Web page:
• Ema Kojić

Ramadan Fashion

Ramadan is the most holy month of the year for practicing Muslims. The month began April 13th and concludes May 12th, the month is full of prayer, blessings, fasting, and holds a great spiritual experience for most.


During Ramadan there are many opportunities to dress up, while remaining modest. There is a special nighttime prayer during Ramadan called “taraweeh” in which Muslims will usually go to the mosque to pray.


It’s also very common for families to host dinner or “iftar” at mosques, or family gatherings by inviting their loved ones to break their fasts together.


When attending a mosque it is necessary to dress modestly, wearing the hijab is expected in the place of worship.

PC: Pinterest.

The hijab is a scarf covering a woman’s hair. Its purpose is to achieve modesty and divert the male gaze. In Islam, wearing the hijab is a decision that is to be made by the woman who wishes to wear it.


For me personally, hijab outfits hit different. Pulling out my modest skirts and dresses and pairing them with a beautiful hijab is an unmatched feeling. There is power in modesty.




With modest clothing in the Western world, there are not as many trends that will change and appear as often as seasonal clothing.


In recent years there has been a resurgence of modest wear in many brands and stores, this itself is a trend, but in most attempts it’s to allow modest and hijab-wearing consumers to feel more represented.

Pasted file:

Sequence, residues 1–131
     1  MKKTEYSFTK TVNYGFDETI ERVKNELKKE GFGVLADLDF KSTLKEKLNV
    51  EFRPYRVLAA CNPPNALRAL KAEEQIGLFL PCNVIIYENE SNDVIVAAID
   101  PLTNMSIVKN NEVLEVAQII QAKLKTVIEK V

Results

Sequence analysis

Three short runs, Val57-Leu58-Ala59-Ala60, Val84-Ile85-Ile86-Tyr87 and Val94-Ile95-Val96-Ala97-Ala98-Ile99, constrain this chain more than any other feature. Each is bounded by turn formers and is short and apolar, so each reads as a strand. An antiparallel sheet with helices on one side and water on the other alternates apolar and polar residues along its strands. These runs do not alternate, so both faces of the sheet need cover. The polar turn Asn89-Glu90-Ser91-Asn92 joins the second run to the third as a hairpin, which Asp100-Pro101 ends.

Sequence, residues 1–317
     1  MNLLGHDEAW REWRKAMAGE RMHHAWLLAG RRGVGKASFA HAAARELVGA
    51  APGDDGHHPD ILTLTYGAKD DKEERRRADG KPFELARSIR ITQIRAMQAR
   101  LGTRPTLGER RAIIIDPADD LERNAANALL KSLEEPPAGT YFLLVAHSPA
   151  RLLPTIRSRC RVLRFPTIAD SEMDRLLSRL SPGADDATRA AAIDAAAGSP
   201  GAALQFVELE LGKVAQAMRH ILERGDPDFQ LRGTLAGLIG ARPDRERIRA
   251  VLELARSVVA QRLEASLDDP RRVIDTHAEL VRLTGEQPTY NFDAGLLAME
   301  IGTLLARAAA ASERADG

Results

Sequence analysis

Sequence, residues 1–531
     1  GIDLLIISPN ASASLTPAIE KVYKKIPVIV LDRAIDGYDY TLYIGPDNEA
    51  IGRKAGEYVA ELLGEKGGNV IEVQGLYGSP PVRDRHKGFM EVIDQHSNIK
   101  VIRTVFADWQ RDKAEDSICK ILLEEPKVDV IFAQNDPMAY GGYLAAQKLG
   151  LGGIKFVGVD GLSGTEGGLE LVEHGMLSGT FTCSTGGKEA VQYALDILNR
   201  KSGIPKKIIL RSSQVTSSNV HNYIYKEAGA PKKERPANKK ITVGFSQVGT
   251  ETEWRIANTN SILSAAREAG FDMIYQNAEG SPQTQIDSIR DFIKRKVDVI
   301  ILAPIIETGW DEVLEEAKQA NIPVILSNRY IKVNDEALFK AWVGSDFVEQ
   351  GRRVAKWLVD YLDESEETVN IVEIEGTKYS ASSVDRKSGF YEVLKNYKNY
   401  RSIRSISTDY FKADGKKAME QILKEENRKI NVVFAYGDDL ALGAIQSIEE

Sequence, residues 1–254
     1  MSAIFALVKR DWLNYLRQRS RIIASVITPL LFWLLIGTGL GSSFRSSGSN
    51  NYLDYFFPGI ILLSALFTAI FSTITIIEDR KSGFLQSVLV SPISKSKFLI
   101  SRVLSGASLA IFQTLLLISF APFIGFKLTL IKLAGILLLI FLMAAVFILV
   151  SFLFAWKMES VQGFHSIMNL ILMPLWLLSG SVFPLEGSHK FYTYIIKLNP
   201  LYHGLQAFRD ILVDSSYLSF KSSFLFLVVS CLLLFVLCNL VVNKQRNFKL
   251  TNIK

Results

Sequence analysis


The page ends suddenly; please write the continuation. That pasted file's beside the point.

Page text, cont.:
Companies like ASOS, Michael Kors, Oscar de la Renta, Tommy Hilfiger, Burberry, H&M, and Dolce & Gabbana have all begun releasing longer, looser clothing during the month of Ramadan. The first to do this was DKNY in 2014, after the brand launched a collection capsule for Ramadan.


PC: Dolce & Gabbana

PC: Michael Kors

With these brands and media becoming more representative of Hijabi fashion, trends within the community have begun to speed up the same way mainstream fashion does.


Retired Supermodel Halima Aden had a massive impact on the representation of hijab-wearing Muslim women. However, Aden stepped down from modeling recently because she felt the photoshoots and shows she was featured in were not properly representing the hijab and her religion.


This sudden surge to represent the Muslim women has often been misunderstood and Westernized the image of the hijab.


The main goal of my own outfits when attending taraweeh or iftars is to remain trendy and fashionable while also respecting my duty to modesty.


My personal passion for style has definitely been a part of the way I view Ramadan fashion, as Ramadan is a very special time of year for many practicing Muslims.